They argue that NATO should go beyond building the capacity to enforce Article 5 and the collective defence of NATO members "to build security throughout the EU’s neighbourhood, East and South. In the case of the EU’s Eastern neighbours, that means to ensure that Russia faces high costs for any further aggressions such as the Russia-Georgia war of 2008, or the annexation of Crimea and invasion of Eastern Ukraine in 2014."

The paper sets out some key recommendations for different stakeholders, for instance:

Governments of the Eastern Partnership countries "need to acknowledge that they must overhaul their governance systems, which pose an existential threat, primarily in the fields of fighting corruption and implementing security sector reform. They should bring their security policies and command and control structures in line with NATO standards and norms. They will receive more assistance from external actors if they place even greater emphasis on strengthening their democratic credentials through zero tolerance for corruption. They should also reach out wherever possible to embrace contacts between representatives of communities in conflict zones to de-escalate tensions, and foster trust and constructive dialogue."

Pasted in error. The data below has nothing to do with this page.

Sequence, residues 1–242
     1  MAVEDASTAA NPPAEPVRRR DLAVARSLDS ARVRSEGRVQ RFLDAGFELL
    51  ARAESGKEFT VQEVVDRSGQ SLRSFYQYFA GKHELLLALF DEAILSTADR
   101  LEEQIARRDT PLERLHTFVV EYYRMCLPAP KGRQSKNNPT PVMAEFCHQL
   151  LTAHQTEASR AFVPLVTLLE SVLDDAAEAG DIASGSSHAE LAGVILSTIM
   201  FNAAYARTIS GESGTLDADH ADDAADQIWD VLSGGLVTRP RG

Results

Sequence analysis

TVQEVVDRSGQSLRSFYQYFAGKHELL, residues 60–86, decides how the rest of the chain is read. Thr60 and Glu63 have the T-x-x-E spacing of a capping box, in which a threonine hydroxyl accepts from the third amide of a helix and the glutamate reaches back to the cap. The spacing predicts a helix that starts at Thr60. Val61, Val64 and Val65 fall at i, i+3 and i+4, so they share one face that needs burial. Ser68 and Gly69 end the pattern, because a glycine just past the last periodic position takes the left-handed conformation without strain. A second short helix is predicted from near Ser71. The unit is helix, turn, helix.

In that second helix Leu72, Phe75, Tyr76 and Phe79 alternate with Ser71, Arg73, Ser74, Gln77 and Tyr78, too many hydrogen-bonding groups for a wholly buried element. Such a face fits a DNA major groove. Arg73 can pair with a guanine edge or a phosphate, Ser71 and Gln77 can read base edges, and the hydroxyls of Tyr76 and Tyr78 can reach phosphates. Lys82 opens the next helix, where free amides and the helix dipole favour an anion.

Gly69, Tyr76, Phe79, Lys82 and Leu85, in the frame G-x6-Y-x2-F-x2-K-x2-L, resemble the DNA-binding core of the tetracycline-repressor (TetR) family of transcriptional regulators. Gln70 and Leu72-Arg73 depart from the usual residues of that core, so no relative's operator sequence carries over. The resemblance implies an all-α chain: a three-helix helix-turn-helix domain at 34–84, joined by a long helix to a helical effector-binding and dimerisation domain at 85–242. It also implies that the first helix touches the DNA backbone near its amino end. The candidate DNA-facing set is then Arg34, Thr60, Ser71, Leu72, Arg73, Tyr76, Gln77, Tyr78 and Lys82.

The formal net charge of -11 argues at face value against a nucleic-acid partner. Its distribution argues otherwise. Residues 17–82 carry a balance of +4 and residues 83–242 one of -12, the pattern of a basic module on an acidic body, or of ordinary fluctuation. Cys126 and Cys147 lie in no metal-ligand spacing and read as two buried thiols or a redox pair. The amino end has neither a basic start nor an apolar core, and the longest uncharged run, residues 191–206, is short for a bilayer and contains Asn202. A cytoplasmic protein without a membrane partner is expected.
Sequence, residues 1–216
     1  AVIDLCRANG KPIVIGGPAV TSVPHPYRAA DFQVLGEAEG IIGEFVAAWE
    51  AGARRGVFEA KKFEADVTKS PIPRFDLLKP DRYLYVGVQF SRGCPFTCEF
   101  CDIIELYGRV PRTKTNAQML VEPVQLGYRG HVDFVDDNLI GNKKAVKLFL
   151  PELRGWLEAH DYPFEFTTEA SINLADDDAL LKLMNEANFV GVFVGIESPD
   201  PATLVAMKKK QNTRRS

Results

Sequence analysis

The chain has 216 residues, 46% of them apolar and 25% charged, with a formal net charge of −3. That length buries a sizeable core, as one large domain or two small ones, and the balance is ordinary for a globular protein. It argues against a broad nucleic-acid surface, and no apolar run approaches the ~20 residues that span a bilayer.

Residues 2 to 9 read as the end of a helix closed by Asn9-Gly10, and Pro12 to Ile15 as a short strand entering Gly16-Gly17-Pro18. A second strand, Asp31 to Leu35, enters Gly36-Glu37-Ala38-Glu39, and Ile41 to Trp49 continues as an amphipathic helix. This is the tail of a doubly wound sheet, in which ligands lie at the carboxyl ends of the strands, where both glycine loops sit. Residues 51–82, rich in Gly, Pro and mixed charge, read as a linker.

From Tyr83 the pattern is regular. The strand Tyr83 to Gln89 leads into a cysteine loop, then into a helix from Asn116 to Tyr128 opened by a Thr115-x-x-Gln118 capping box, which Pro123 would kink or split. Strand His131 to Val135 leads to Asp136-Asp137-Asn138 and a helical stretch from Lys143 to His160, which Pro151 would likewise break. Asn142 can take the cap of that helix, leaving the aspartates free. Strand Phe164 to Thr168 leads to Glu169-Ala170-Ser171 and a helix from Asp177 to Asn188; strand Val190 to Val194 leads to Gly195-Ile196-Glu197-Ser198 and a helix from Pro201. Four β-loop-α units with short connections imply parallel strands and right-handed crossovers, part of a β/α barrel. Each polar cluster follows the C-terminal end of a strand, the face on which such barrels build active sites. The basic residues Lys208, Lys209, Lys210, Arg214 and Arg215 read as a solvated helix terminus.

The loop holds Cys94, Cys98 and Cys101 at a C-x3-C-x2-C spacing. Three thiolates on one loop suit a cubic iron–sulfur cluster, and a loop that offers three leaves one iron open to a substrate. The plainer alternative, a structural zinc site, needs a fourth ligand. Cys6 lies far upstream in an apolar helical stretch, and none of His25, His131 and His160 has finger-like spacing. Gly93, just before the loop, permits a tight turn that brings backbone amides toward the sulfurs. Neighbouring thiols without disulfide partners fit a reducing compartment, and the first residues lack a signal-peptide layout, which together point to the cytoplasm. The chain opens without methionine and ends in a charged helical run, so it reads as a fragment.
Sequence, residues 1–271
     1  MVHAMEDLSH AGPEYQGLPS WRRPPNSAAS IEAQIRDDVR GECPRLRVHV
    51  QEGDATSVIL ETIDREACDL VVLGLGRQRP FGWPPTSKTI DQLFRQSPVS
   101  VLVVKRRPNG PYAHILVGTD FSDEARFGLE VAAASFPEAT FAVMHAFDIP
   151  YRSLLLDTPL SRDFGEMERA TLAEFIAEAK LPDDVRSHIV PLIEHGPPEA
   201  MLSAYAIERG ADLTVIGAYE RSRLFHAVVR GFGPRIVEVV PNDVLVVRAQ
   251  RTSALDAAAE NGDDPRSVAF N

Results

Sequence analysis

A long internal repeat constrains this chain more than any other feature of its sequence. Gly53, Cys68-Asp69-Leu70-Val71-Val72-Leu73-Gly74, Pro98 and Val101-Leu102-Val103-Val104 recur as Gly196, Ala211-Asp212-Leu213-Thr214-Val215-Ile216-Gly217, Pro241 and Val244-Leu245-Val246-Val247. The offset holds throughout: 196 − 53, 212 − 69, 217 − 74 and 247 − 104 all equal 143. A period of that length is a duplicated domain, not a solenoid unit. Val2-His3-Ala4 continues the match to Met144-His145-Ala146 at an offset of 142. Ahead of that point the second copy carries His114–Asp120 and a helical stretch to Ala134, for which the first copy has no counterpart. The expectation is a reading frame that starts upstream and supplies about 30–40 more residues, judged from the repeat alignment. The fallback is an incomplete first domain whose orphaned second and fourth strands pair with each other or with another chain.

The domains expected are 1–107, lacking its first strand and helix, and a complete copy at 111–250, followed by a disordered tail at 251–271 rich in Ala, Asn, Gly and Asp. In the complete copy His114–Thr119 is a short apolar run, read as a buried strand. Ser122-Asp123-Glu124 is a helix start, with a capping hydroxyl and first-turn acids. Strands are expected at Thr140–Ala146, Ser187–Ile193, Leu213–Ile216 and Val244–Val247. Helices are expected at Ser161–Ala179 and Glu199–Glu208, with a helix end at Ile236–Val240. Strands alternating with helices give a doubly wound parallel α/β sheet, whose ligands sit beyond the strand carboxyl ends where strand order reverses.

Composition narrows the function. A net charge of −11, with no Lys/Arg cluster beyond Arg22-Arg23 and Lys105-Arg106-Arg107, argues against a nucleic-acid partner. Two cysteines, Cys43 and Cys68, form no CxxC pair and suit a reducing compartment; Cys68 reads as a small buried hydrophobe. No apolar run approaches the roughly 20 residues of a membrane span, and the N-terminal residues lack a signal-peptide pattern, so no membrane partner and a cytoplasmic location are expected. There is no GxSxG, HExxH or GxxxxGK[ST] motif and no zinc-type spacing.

Civil Society in the Eastern Partnership countries "should build expertise in the security field, and should participate as an 'added value' expert partner in the new Eastern Partnership Platform on Common Security and Defence Policy".

The European Union "can become an even more valued partner to NATO by issuing a declaration to the Warsaw Summit, committing EU members to support the strengthening of NATO’s Eastern flank (without duplicating NATO’s military capability and command structure), and to co-operate with NATO in the areas of maritime security, supporting partners in training and capacity building, security sector reform, joint exercises and the establishment of 'a Centre of Excellence for countering hybrid threats'. The EU and NATO will mutually benefit if they pool funds and expertise together in a dramatic investment in security sector reform – including military and intelligence reform in the Eastern Partnership countries."